Yet, according to Piketty inherited wealth represented roughly two-thirds of private capital in France in 2010, compared with barely one-third capital accumulated from savings (page 403). This is an astounding figure and if true in France and other societies, it indicates that if we want to more fully understand inequality (and the directions it may take) we do have to improve our knowledge of inherited wealth.
Firstly, the social sciences, including economics, have to join forces to improve the data on wealth and inheritance, i.e. amount of wealth, kind of assets, demographics of owners, tax(-evasion) infrastructures, cross-national differences, and, last but not least, whether it is an addition to, or substitute of, income from labour. Piketty, for one, seems to even express doubts about the return of the rentier classes as of old: ‘… we have moved from a society with a small number of very wealthy rentiers to one with a much larger number of less wealthy rentiers: a society of petits rentiers if you will’ (page 420). All the same, intergenerational wealth transfer may increasingly determine who is able to afford property (at a young age) and who can afford good education for his/her children – thus contributing to successfully landing a well-paid job, and therewith to the perpetuation of income from labour inequality. Many possessing the means to transfer wealth to their offspring may not share the super-rich’ large surpluses that inequality is associated with. They contribute to inequality nevertheless, but of a type that may be more difficult to pin down, is more widely shared and, as a result, more difficult to reverse.
Secondly, then, social anthropology should apply its skills to grasp the ‘everyday’ reality of inheritance and wealth accumulation – this has been largely absent since George E. Marcus’s work on dynastic families. Family wealth and inheritance are often not straightforward.
In the case of the French grandes familles, Michel Pinçon and Monique Pinçon-Charlot illustrate how their business practices are informed by ideas about how to safeguard the family wealth for future generations. Since, of course, heritage practices are not static it would be incredibly interesting and relevant to analyse how, for example, narratives change in the face of the debate Piketty has provoked. What levels of inequality (and tax evasion) are perceived as morally just? Everyone has a moral opinion about inequality, as few would nowadays accept that all the wealth be in the hands of only a very small number of people. Judging from Piketty’s work as well as from new data that may surface in the years to come, anthropologists should not limit themselves to the wealthiest only. How do petits rentiers, for example, justify their position? Since their wealth and everyday (working) lives do not reflect the morally-refuted past of solely living off rents – like Thorstein Veblen’s leisure class – they may not perceive themselves as part of the ‘problem’. By probing these and similar questions more systemically, social anthropology may help to better understand the current state of inequality.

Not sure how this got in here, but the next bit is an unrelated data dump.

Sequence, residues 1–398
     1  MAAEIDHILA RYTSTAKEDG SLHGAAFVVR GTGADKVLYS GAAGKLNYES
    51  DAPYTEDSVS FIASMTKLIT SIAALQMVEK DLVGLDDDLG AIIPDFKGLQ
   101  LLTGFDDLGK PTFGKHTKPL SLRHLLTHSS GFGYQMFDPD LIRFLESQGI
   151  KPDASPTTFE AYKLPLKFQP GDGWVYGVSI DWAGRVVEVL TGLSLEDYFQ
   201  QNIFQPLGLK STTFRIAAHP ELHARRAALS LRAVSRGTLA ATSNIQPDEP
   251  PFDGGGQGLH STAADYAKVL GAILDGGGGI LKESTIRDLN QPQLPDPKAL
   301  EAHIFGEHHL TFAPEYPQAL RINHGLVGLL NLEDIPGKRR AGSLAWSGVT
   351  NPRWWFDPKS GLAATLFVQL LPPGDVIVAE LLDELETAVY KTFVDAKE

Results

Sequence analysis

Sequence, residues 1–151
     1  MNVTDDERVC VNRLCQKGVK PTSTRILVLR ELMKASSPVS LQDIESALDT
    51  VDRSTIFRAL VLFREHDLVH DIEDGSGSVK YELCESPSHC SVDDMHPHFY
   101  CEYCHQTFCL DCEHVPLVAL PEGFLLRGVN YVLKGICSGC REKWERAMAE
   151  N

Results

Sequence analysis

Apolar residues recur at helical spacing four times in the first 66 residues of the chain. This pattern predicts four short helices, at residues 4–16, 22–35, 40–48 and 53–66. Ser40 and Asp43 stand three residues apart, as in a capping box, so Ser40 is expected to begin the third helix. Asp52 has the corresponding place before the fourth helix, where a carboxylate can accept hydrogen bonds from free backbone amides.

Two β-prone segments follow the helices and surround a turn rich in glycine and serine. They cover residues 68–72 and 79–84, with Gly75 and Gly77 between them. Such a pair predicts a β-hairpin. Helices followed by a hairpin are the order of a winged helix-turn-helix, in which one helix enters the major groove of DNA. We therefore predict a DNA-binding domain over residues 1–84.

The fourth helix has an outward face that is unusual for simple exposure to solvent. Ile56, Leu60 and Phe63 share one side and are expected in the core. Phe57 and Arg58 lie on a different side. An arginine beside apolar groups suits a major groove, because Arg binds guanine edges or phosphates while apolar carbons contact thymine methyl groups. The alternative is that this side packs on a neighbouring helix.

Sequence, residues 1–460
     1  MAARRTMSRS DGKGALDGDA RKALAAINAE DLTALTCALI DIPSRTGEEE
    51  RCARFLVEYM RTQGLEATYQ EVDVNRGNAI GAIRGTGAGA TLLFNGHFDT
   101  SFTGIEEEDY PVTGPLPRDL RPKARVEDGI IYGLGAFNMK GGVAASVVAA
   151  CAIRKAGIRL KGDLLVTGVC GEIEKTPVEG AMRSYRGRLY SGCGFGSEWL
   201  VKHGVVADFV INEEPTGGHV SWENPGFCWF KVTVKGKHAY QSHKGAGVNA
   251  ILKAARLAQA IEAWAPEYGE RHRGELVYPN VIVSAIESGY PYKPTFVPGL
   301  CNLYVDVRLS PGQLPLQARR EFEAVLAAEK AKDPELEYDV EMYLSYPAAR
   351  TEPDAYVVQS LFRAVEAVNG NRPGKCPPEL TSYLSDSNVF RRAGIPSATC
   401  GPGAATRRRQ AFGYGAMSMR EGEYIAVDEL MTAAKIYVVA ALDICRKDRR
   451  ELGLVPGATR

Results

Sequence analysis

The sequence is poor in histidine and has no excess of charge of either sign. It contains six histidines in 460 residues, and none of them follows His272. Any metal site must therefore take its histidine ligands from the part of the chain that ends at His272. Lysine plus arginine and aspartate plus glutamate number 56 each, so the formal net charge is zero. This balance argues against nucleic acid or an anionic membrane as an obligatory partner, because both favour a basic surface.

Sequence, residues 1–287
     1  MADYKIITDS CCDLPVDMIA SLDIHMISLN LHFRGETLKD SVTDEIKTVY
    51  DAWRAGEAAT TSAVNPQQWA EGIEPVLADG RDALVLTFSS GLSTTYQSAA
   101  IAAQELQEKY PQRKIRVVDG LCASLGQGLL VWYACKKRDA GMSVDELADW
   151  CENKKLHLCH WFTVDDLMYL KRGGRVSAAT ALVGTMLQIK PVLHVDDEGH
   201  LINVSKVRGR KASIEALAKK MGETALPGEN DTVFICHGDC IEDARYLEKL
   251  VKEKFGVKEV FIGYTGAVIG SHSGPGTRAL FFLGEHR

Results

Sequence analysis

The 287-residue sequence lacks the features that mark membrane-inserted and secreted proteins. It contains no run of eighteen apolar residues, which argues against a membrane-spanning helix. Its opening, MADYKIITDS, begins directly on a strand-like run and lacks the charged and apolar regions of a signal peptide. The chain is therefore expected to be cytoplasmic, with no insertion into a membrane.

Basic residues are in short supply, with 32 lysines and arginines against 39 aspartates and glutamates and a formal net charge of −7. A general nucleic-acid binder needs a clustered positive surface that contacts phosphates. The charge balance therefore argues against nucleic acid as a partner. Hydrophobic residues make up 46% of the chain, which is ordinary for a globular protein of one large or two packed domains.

Surely, Piketty’s book has its limits. But for those interested in (in)equality, it offers the potential to ask new questions, critically engage with its findings and stir the debate.
Marcus, George E. 1983. Lives in Trust: The Fortunes of Dynastic Families in Late Twentieth Century America (Institutional Structures of Feeling). Boulder, CO: Westview Press
Pinçon, Michel and Monique Pinçon-Charlot. 1998. Grandes Fortunes : Dynasties Familiales et Formes de Richesse en France. Paris. Éditions Payot & Rivages.
Reis, Elisa and Mick Moore et al. 2005. Elite Perceptions of Poverty and Inequality. London and New York: Zed Books.
Veblen, Thorstein. 1994 . The Theory of Leisure Class. New York: Dover Publications.